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Volunteers join UNESCO eDNA sampling in Tubbataha Reefs in Philippines

Friday, 14 April 2023
access_time 2 min read
Volunteers join UNESCO environmental DNA sampling in Tubbataha Reefs, Philippines. © Asia Wy

Young Philippine volunteers journeyed overnight to Tubbataha Reefs Natural Park to take eDNA samples at the remote World Heritage site, located in the centre of the Sulu Sea. The sampling was part of the global eDNA expeditions initiative that UNESCO currently coordinates across 25 marine World Heritage sites to better understand ocean biodiversity and the effects of climate change.

On 13 and 14 April, 8 volunteers joined the Philippine local park authority’s bi-monthly visit to the Tubbataha Reefs Natural Park -- a 20-hour return journey by ship from the nearest coast of Palawan. Aged 8 to 60 years old, the volunteers extracted eDNA from water samples at 5 different locations across the remote World Heritage area using specialized equipment provided by UNESCO. The volunteers joining the eDNA expedition were surrounded by the site’s unique wildlife, including spinner dolphins, tiger sharks and numerous marine turtles that traditionally inhabit the area.

"UNESCO’s eDNA initiative helps our staff get exposure to the latest science to understand the biodiversity of Tubbataha Reefs Natural Park. The non-invasive method could provide a cost-effective means to monitor our remote World Heritage area and help us better protect it."

Environmental DNA is an innovative scientific method that can be used to monitor and evaluate ocean biodiversity without the need to extract organisms from their environment. Just one liter of water may contain genetic material from hundreds of species and may help determine the area’s biodiversity richness.

The UNESCO environmental DNA Expedition initiative is being rolled out across 25 marine World Heritage sites between September 2022 and April 2023. The eDNA data is expected to provide a one-off snapshot of biodiversity richness across marine World Heritage sites, particularly for fish species.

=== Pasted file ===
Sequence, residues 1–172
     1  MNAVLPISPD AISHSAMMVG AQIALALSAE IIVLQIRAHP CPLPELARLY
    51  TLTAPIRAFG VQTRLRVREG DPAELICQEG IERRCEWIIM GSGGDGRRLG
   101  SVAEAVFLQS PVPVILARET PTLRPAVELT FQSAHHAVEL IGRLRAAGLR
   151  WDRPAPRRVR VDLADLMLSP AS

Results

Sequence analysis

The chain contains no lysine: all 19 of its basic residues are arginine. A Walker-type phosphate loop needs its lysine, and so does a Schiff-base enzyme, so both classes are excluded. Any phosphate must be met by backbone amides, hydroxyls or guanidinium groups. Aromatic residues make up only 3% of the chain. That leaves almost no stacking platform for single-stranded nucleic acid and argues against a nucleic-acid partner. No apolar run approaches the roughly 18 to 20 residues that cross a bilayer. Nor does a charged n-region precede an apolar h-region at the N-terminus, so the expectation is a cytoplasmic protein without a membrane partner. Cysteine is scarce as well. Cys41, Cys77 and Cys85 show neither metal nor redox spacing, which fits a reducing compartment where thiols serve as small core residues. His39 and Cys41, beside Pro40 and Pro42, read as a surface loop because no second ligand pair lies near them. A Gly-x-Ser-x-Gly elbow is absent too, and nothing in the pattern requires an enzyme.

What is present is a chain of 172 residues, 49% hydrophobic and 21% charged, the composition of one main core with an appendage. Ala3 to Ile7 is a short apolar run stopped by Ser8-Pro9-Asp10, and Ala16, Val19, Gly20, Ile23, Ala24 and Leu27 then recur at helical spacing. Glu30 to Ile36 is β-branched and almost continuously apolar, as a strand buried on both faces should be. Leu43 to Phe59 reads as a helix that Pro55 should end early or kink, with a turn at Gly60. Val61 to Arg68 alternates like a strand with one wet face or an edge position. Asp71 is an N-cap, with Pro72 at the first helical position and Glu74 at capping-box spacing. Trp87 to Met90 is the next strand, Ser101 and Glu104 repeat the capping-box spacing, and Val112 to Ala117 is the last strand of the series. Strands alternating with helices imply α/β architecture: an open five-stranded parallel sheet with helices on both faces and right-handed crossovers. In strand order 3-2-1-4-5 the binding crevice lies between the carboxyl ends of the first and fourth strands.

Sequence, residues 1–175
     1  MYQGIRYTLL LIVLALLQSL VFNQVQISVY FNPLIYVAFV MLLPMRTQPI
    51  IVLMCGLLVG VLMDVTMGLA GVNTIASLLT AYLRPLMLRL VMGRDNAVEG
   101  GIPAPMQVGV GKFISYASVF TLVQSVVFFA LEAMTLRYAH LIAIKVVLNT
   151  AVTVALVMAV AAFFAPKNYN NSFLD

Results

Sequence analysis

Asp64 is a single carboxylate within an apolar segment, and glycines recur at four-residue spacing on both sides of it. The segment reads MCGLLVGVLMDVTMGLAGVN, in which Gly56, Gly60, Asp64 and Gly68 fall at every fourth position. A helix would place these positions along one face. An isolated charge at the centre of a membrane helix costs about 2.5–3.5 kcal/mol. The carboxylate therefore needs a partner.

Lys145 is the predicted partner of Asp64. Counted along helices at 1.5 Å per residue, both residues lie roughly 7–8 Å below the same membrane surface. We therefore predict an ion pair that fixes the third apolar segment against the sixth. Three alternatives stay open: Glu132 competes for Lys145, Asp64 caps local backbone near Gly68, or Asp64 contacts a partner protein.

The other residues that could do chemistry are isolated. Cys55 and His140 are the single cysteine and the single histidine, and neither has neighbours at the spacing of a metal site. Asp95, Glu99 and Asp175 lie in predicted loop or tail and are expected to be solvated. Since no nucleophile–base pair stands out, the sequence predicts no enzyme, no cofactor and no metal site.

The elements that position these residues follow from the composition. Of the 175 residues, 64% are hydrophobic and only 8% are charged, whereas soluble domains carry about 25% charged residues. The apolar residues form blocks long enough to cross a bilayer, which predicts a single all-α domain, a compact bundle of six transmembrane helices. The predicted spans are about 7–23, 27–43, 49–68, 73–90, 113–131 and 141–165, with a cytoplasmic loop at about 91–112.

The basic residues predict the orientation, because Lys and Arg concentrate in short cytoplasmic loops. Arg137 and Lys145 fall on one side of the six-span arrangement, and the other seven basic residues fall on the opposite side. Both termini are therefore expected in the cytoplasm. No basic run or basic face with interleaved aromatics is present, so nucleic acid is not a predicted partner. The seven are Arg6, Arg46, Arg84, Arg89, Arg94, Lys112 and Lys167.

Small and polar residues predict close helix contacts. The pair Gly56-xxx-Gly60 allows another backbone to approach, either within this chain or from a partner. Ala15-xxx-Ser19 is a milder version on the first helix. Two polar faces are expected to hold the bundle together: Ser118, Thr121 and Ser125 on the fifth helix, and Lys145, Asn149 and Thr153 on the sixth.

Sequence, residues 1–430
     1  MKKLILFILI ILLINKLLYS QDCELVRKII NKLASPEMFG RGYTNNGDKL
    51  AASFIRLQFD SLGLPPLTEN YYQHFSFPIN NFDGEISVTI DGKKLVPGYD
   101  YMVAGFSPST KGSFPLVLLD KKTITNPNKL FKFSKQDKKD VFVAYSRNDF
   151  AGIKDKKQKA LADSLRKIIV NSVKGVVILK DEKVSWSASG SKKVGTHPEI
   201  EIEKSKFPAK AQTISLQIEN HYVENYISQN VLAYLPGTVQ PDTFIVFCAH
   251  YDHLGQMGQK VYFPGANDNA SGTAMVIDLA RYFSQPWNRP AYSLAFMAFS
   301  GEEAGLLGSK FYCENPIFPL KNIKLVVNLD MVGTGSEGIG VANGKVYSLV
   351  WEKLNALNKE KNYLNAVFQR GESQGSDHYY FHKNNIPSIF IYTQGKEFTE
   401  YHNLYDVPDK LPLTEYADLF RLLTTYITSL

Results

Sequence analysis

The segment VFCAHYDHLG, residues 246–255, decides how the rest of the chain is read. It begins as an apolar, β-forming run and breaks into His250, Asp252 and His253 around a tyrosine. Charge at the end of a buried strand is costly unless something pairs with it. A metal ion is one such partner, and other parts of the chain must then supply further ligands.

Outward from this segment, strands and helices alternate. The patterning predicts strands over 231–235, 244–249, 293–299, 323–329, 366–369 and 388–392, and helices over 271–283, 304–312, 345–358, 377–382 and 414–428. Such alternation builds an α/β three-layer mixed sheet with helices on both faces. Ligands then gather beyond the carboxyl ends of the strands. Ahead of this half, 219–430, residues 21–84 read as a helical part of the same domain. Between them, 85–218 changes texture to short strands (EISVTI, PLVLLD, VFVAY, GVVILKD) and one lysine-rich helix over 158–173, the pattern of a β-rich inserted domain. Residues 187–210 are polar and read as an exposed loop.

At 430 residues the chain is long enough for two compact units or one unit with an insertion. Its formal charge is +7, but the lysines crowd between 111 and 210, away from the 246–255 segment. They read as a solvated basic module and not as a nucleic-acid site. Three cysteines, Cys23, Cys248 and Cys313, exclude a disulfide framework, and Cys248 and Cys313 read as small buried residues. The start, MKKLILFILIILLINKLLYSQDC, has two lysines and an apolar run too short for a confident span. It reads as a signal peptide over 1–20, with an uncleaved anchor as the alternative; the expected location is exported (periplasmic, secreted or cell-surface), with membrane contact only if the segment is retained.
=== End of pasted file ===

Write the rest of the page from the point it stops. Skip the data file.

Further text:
By combining the resulting biodiversity data with Intergovernmental Panel on Climate Change (IPCC) heat scenario projections, the initiative aims to provide a first glimpse of potential geographic and distribution shifts of fish species as a result of climate change which then in turn can inform conservation decision-making.

Resulting data will be available at the UNESCO Ocean Biodiversity Information System, the world’s largest open science marine species database. Final results are expected to be available in Spring 2024.

The UNESCO eDNA initiative is a joint collaboration between the Intergovernmental Oceanographic Commission and the World Heritage Centre. It is made possible with the support of the Government of Flanders (Kingdom of Belgium) and implemented in the context of the United Nations Decade of Ocean Science for Sustainable Development (2021-2030).

About Tubbataha Reefs Natural Park World Heritage site (Philippines)

Tubbataha Reefs Natural Park is one of the Philippines’ oldest ecosystems, and helps support fisheries outside its boundaries. The property was inscribed on the UNESCO World Heritage List in 1993 and is home to a great diversity of marine life. Whales, dolphins, sharks, turtles and Napoleon wrasse are amongst the key species found here. The reef ecosystems support over 360 species of coral and almost 700 species of fish. The reserve also protects one of the few remaining colonies of breeding seabirds in the region.